"We had the best jobs report in 16 years."

Donald Trump on Monday, July 24th, 2017 in a speech at the Boy Scout Jamboree

Mostly True

Is Donald Trump right that U.S. just 'had the best jobs report in 16 years'?

Is Donald Trump right that U.S. just 'had the best jobs report in 16 years'?

During a speech before tens of thousands of Boy Scouts at the group’s quadrennial Jamboree, President Donald Trump took a moment to tout his economic achievements as president.

"I'll tell you what, we are indeed making America great again,"  Trump said. "What's going on is incredible. We had the best jobs report in 16 years."

Trump, as a candidate, regularly bashed the low unemployment rates under President Barack Obama as making the national jobs picture look better than it actually was. Now he says the economy is surging, and the numbers show it.

Does he have a point now?

When we checked with the White House, they referred us to a Bloomberg article headlined, "Pickup in Confidence Shows Americans Upbeat on Jobs, Economy." The article notes that "unemployment (is) near a 16-year low."

Indeed, today’s unemployment rate -- 4.4 percent -- is tied for the lowest in the past 16 years, going back to June 2001. There were four other months prior to Trump’s presidency that matched today’s rate, and it was slightly lower -- 4.3 percent -- a month earlier, during Trump’s own presidency. Here’s a chart.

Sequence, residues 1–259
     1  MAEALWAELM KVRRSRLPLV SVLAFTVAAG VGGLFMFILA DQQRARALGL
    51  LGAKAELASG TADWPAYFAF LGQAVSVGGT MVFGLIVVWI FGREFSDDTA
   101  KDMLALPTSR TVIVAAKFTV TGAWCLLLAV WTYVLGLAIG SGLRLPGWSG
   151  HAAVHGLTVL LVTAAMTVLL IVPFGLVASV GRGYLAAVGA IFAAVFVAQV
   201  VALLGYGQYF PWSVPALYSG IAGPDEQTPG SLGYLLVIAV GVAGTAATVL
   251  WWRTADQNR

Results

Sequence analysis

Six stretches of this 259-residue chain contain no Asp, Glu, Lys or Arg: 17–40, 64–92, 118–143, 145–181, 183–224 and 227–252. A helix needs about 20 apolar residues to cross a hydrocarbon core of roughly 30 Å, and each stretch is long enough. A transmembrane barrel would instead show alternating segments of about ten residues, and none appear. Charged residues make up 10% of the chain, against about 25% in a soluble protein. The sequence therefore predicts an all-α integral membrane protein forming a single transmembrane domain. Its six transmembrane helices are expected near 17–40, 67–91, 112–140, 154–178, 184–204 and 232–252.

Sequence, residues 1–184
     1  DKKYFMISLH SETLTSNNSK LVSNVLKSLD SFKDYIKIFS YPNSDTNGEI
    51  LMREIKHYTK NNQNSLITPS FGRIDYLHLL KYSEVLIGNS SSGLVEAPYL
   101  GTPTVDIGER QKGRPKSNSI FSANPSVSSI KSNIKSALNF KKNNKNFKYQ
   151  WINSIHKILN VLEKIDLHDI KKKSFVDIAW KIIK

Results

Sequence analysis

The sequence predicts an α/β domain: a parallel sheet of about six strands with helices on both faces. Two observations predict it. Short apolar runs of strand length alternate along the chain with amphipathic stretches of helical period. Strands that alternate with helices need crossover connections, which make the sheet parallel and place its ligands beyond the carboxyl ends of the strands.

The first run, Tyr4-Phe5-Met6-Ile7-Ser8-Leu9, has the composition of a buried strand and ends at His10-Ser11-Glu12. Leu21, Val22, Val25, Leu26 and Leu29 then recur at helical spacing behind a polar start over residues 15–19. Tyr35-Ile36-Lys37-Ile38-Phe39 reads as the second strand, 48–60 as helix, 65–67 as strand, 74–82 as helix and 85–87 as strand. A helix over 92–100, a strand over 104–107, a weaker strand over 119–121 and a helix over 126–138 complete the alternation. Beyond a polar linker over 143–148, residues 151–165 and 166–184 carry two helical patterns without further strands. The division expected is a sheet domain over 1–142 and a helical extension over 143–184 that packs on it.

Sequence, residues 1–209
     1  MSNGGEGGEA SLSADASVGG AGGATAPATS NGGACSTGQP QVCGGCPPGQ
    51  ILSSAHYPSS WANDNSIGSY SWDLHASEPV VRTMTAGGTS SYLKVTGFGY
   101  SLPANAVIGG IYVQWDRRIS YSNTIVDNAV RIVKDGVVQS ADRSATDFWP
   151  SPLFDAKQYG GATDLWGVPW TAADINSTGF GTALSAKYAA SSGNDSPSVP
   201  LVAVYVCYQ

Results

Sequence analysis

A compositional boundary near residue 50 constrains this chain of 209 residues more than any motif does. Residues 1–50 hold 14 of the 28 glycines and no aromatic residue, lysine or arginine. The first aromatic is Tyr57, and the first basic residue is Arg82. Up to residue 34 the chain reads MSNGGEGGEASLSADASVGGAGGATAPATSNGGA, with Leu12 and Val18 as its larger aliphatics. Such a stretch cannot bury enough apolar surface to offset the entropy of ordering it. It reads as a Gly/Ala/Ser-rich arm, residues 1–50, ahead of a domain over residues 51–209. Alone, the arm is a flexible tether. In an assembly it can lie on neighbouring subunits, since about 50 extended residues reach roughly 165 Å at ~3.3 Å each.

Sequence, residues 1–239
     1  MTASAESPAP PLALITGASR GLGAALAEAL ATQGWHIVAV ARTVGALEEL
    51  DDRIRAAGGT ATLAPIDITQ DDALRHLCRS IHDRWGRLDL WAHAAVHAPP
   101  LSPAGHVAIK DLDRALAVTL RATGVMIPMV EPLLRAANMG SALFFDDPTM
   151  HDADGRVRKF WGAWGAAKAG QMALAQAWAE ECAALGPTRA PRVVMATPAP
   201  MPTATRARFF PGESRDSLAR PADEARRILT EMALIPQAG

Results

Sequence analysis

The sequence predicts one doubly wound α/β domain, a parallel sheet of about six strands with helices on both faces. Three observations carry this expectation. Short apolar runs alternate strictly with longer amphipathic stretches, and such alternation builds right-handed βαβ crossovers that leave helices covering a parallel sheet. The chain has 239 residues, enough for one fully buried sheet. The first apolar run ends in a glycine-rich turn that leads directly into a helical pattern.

That said, the term "jobs report" refers to a monthly news release by the Bureau of Labor Statistics, and the unemployment rate is only one of two headline numbers in those reports. The other one is the gain or loss in jobs compared to the previous month’s number.

That second number, while solid, is not "the best" in 16 years.

According to the June 2017 report, the economy gained 222,000 jobs. That’s the 52nd-best monthly performance out of the 193 months since June 2001.

Here’s a chart:

Meanwhile, there are a number of lower-profile statistics in every jobs report.

Tara Sinclair, a George Washington University economist, noted that one of these measurements -- the ratio of employed people to the population as a whole -- remains stuck well below its pre-Great Recession highs. Here’s a chart:

Gary Burtless, a Brookings Institution economist, said the shrinkage in the number of jobs created per month should be taken with a grain of salt, since the country is approaching full employment.

Overall, Burtless said, "employment has kept rising and involuntary unemployment has been falling for about seven years, and that pattern has persisted thus far in the Trump administration."

Finally, it’s worth noting, as we always do, that no president can take full credit for the economy’s achievements (or its shortcomings). Many other factors, including the health of the rest of the world economy and changes in demographics and technology, play a role as well. This is especially true for a president just six months into his tenure, following years of improvement under his predecessor.

Our ruling

Trump said that "we had the best jobs report in 16 years" in the most recent monthly release from the Bureau of Labor Statistics.

The unemployment rate, one of two key figures in the monthly release, is near its 16-year low. But while the other major statistic in the report -- the job-gains figure -- is hardly unprecedented over the same period, experts say that’s not surprising, given where the country is in the current economic cycle. We rate the statement Mostly True.

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"We had the best jobs report in 16 years."
a speech to the Boy Scouts Jamboree
Monday, July 24, 2017


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